So add Clemson to the list of teams with significant offensive line concerns (Florida State looms on the schedule in three weeks), while Georgia -- which still has problems in its secondary -- looks ready to emerge as SEC frontrunners. Again, just Week 1, etc., etc. But it's hard not to like the Bulldogs going into their division showdown at South Carolina on Sept. 13.

Quick Hits

  • It took a long time to get the game in after a rain delay disrupted the second half, but by then Auburn had shaken off its first-half issues and pulled away from Arkansas. Jeremy Johnson started at QB for the partially suspended Nick Marshall, and he completed 12 of 16 passes for 243 yards and two touchdowns -- only for the Tigers to enter halftime tied with the Razorbacks at 21. Nick Marshall entered in the second half and quickly scored a touchdown, but he didn't have to do much. The Auburn defense shut down Arkansas in the second half, while Cameron Artis-Payne finished with 178 yards as Auburn eventually won 45-21 with 595 total yards.

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Night

Florida State 37, Oklahoma State 31 | LSU 28, Wisconsin 24 | UCF 52, Fresno State 13

For most of the night, two expected weaknesses appeared to be strengths: Oklahoma State's rebuilt defense attacked Florida State all night and made Jameis Winston as uncomfortable as he's ever been as Florida State's quarterback; Wisconsin's entirely new front seven stifled the LSU offense and made the Badgers look like a team capable of running the table against a weak Big Ten schedule. It wasn't enough for either to actually win.

Oklahoma State can still come out of Arlington, Texas, feeling good. The Cowboys lost much of their two-deep, including eight of their top nine tacklers, but they hung with the No. 1 Seminoles all night, despite uneven QB play from J.W. Walsh and the lack of any consistent play on offense. Mike Gundy has not gotten the credit he deserves for Oklahoma State's success over the last decade, and apparently defensive coordinator Glenn Spencer is deserving of a lot of credit now too. Led by Emmanuel Ogbah, the Cowboys defensive front pressured Winston and held Florida State running back Karlos Williams to just 66 yards on 23 carries. It was a remarkable effort, one that helped make Florida State's offense look shockingly one-dimensional, with Winston to Rashad Greene (11 catches for 203 yards and a touchdown) being the only answer.

The game was concerning in some respects for Florida State, but like Alabama it hardly means the end is near -- or anything close to that. The Seminoles were challenged by a better-than-expected Oklahoma State team -- a program that has been very good in recent history -- and they came out with 37 points and a win; not even a great team can continue walking over everyone by four touchdowns every week. In the long run, it may have been a good wake-up call in which Florida State got challenged and now can move forward having a clear picture of where it needs to adjust.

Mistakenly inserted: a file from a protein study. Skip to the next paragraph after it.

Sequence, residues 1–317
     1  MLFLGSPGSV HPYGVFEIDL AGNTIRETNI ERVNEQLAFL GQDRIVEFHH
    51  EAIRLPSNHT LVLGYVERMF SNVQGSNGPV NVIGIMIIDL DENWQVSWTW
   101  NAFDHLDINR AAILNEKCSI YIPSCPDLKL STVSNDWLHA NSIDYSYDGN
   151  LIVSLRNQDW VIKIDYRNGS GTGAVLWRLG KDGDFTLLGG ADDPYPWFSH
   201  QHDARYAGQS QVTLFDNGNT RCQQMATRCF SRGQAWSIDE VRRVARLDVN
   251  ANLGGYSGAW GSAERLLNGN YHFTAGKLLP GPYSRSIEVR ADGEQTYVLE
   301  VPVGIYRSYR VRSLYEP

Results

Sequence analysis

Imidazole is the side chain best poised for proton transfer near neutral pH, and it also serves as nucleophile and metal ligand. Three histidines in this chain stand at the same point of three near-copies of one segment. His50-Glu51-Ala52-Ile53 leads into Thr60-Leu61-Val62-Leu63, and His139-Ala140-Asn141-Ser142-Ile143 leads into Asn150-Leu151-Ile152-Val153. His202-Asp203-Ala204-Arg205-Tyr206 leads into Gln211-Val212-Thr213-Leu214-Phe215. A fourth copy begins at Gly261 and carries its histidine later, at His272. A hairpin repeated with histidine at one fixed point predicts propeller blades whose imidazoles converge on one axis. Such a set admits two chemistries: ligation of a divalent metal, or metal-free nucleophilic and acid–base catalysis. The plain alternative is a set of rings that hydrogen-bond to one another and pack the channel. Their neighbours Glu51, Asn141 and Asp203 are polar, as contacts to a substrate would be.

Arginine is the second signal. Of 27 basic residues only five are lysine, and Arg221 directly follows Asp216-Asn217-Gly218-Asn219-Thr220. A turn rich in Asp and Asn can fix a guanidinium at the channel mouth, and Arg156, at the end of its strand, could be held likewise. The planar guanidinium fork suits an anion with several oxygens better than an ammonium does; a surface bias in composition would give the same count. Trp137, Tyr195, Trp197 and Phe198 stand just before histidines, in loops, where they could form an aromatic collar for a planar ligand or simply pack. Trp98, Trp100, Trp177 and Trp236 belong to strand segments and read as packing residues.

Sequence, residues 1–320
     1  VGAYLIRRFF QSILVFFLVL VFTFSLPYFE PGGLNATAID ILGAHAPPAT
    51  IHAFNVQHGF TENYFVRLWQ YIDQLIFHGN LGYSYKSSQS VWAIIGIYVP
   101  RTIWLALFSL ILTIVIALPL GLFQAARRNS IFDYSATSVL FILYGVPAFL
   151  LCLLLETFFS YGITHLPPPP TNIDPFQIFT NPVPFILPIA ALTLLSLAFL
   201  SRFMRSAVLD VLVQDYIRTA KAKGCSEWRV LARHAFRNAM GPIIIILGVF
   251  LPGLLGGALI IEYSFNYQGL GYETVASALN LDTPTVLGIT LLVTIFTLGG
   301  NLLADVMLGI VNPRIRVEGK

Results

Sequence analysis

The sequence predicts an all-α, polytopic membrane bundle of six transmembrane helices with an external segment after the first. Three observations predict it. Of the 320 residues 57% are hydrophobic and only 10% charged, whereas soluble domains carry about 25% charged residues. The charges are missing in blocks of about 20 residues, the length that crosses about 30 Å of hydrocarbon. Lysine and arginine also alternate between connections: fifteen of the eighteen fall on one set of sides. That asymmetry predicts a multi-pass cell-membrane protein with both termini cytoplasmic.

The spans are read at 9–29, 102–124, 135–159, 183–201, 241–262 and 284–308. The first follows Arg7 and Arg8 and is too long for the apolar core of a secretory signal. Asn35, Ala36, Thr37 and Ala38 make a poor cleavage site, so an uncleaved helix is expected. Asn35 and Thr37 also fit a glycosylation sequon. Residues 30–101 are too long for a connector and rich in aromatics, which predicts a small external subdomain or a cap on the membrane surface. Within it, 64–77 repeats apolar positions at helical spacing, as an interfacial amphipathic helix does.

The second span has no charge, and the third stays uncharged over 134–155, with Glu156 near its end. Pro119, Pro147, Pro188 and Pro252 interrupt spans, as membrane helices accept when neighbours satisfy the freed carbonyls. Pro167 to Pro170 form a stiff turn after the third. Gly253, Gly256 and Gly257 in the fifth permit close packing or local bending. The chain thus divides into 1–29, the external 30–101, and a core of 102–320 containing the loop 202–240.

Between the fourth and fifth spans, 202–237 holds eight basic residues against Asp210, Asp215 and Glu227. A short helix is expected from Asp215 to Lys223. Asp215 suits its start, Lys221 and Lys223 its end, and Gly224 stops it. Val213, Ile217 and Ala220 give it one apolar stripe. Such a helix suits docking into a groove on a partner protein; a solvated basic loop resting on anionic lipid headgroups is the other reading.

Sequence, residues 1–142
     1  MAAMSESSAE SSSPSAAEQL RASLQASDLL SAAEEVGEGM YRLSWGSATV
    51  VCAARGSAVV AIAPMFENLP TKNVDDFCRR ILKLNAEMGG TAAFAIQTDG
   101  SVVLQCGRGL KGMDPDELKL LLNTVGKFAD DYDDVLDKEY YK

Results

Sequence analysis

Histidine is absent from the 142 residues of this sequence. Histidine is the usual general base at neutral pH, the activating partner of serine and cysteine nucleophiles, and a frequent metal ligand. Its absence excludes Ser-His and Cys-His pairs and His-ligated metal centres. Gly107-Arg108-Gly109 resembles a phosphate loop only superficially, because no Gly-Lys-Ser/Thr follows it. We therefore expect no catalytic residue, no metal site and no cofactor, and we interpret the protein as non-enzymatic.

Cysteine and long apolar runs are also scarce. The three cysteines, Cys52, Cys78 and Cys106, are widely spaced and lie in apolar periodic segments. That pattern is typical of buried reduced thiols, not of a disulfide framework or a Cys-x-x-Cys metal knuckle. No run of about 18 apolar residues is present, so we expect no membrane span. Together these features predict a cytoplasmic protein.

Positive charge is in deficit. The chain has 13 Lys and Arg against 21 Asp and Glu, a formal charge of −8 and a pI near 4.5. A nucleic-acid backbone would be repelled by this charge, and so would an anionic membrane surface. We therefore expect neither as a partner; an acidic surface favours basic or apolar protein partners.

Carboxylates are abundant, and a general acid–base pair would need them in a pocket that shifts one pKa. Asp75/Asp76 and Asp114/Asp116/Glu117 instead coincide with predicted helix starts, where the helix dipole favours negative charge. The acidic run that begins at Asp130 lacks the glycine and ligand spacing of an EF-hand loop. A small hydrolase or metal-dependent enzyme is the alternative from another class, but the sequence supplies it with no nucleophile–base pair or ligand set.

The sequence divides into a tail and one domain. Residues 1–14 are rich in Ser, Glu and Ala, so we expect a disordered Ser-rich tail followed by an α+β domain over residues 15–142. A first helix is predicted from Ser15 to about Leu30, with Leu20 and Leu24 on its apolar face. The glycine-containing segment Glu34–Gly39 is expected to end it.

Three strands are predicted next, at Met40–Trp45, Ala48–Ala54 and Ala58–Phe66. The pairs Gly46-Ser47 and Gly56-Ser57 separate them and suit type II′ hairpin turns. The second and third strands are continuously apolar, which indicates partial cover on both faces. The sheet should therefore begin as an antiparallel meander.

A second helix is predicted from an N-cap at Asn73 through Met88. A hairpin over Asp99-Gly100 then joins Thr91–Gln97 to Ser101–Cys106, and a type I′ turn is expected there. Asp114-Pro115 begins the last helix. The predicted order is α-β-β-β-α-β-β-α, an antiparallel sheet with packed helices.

Down the road in Houston, Wisconsin looked dominant for over a half, running the ball down LSU's throat with Melvin Gordon (16 carries for 140 yards and a touchdown), while the Tigers offense was totally helpless with poor quarterback play from Anthony Jennings against the Badgers' rebuilt defensive front. Then everyone just started doing the opposite, for the most part. LSU's running game suddenly found life behind Kenny Hilliard, who rushed 18 times for 110 yards and a touchdown (freshman Leonard Fournette was a nonfactor with eight carries for 18 yards) against a hurting Wisconsin defensive line that saw its depth get exposed. And as LSU took control and gained a 28-24 lead with 9:41 to go, the Badgers didn't stand a chance because 1) Gordon was strangely absent from the lineup, with no real explanation from coach Gary Andersen after the game, and 2) new QB Tanner McEvoy -- who played safety last season -- had little hope of actually completing passes. He finished 8 of 24 for 50 yards and two picks, and while it looked like it wouldn't matter for a half or so, the Badgers were beyond lost when LSU turned the tables on them.

It was a strange night in football, with the two favorites ultimately winning but raising questions about themselves in the process. That is how it goes in Week 1, though, and the end results aren't disastrous for anyone involved. Florida State and LSU got wins over major-conference opponents. Wisconsin's ending was a nightmare, but it still moves on to face a weak schedule that gives it a clear path to a division title. Oklahoma State shows that it might not be facing much of a rebuilding season after all. There's a long season still left.

Quick Hits

  • After brutal week of news off the field, USC rebounded and did exactly what new coach Steve Sarkisian said it would do: pick up the pace. In a rematch of a Las Vegas Bowl blowout, USC ran away from Fresno State with ease, 52-13, running a Pac-12 record 104 plays for 701 yards. QB Cody Kessler completed 25 of 37 for 394 yards with four touchdowns, while Javorius Allen ran for 133 yards. On the other side, Fresno State struggled to replace Derek Carr, gaining just 317 total yards against a stout USC defense.